Spring is finally in full bloom, which means now is the time to replace any missing or dying plants in your yard. Plus, having enough plants in your front yard and parkway is a great way to keep those pesky compliance notices from landing in your mailbox.
Here is some advice from your friendly Community Life Team.
This is just a fancy word for landscape that uses very little water because it’s made up of drought tolerant plant species.
Hardy plants like Sage, Orange Jubilee, Valentine bush, Little John, Natal Plum, Dwarf Myrtle and Lantana species will stay alive with little water.
Of course, there are also cacti and succulents, but those should be limited to 1 for every 5 plants you have in your front yard or parkway zone (we will cover accent plants more in just a little bit).
Well, it depends. If you live in Inspirian Park your landscape is maintained by the Association and you can skip down to the next section. If you don’t, keep on reading.
In all other neighborhoods, the homeowner is responsible for the front yard and the parkway zone. This means you’re in charge of removing weeds (blech!) and maintaining the plants in the area between the street and the sidewalk (but don’t worry, we will take care of the trees).
For the parkway we recommend plant varieties like Little John, Lantana, Natal Plum, and Dwarf Myrtle. They will stay closer to the ground with little risk of getting too high.
Check out our Master Plant Palette for more ideas for your parkway zone. Look for the handy asterisk(*) next to the plant name.
Cacti, succulents and other accent plant species should not make up more than 20 percent of the total amount of plants in the front yard zone.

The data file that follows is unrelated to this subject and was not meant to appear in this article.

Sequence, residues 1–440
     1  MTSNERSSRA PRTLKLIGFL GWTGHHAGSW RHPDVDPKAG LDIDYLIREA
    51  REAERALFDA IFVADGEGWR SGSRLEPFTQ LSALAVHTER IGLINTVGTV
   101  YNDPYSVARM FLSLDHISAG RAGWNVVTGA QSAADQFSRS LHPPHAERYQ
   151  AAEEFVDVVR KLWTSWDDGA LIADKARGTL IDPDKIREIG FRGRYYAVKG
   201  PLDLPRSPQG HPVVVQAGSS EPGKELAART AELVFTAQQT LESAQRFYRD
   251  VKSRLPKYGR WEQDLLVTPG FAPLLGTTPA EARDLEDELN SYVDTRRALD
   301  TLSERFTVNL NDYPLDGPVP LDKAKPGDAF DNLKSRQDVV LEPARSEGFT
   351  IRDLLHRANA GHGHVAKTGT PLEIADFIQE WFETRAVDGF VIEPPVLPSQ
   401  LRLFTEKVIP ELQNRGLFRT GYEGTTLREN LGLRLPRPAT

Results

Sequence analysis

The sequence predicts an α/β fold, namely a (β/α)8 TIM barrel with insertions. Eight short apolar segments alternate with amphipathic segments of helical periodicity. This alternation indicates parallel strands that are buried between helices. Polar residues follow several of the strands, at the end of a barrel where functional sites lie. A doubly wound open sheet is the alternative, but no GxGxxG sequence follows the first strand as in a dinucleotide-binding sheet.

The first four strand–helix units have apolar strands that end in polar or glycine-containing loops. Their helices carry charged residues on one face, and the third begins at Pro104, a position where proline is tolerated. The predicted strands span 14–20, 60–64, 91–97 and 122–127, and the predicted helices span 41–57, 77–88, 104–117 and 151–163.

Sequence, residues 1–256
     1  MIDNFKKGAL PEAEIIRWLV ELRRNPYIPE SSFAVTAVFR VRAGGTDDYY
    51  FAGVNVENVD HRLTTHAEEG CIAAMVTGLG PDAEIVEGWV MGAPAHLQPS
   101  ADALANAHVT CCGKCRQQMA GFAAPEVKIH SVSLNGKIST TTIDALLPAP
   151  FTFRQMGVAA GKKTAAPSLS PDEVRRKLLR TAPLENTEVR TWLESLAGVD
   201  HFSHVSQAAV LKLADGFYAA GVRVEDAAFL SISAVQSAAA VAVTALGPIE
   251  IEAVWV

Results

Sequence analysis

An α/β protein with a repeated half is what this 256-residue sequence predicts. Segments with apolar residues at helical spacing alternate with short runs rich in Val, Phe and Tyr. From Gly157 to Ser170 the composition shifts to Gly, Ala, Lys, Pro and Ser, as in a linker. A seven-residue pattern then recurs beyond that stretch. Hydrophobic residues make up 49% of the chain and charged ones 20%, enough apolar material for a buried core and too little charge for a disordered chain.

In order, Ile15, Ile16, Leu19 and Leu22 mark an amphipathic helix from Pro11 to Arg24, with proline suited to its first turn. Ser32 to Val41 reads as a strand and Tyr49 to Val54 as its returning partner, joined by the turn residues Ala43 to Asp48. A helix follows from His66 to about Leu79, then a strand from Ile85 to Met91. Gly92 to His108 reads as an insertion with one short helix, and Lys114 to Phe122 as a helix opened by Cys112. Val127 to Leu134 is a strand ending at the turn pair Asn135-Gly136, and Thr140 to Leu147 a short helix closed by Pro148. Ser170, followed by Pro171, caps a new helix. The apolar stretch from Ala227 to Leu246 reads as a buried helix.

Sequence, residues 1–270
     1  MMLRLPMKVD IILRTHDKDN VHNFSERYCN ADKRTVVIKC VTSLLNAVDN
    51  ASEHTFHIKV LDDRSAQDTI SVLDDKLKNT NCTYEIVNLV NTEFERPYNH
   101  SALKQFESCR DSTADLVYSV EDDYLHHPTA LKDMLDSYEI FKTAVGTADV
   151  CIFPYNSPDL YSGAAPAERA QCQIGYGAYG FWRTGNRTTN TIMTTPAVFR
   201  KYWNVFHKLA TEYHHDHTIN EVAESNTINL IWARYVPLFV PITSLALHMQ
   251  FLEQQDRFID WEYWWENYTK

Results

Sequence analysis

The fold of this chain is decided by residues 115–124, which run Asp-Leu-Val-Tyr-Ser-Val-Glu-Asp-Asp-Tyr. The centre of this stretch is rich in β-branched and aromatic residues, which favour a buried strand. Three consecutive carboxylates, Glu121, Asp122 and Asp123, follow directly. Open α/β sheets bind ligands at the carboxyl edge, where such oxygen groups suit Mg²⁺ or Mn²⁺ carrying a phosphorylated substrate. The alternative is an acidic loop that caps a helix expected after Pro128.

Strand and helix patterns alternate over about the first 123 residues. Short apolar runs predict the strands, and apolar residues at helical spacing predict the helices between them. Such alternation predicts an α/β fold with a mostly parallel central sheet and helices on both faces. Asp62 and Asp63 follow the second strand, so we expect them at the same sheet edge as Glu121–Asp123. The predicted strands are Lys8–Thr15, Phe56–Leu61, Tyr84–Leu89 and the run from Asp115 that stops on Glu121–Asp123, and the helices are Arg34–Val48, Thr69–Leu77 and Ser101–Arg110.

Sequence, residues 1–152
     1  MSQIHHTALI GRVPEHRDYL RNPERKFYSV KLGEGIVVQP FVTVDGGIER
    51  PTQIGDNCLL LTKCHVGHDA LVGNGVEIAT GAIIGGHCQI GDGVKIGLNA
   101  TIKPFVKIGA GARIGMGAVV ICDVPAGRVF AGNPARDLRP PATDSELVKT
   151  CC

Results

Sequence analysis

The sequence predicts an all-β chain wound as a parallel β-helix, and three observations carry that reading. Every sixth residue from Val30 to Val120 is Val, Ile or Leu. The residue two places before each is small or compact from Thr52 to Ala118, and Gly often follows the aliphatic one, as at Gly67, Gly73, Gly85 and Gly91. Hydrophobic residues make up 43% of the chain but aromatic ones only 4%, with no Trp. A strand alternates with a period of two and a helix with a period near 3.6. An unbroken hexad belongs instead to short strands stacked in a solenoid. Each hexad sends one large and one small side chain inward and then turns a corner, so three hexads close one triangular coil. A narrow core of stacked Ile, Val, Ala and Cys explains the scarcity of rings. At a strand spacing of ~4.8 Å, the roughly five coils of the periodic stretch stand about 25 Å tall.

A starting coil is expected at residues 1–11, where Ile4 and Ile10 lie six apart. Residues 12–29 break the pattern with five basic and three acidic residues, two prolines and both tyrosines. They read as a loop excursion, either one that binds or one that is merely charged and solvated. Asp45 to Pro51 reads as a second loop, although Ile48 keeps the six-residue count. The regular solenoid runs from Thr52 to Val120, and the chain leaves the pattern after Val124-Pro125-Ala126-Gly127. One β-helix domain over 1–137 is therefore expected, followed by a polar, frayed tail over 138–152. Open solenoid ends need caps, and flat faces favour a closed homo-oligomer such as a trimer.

Why? The objective is to have a strong palette of green and leafy plants to create an attractive front yard landscape composition. This is where foundation plants come in.
Foundation plants grow a little taller and should be placed closer to the home. Foundation and field plants include Sage, Bougainvillea, Valentine bush, and Orange Jubilee, but you are definitely not limited to just those. The Master Plant Palette has many more to choose from.
We also have handy drawings in our Design Guidelines that explain what your yard should look like (check out Appendix H for these colorful examples).
You should have one plant every 25 square feet. That’s roughly a 5-foot to 6-foot diameter.
If your parkway and front yard are bare, check for irrigation lines sprouting up in the decomposed granite. There’s a great chance there was a plant there once and it would make an excellent home to a new plant.
Now is the perfect time to plant. You’ll want to get your greenery of choice in the ground and established before it starts getting too hot. You don’t want to be out in that heat digging holes!
If you decide to get fancy and redesign your whole front yard, that’s awesome! We do ask that you kindly submit a Design Review Application and we will have the Design Review Committee review your request before installation.
Or, if you would simply like to replace a missing or dead plant with an approved one, we encourage you to do so.
If you have questions we are always available to help. Please email us if you should need any assistance.
Welcome to Eastmark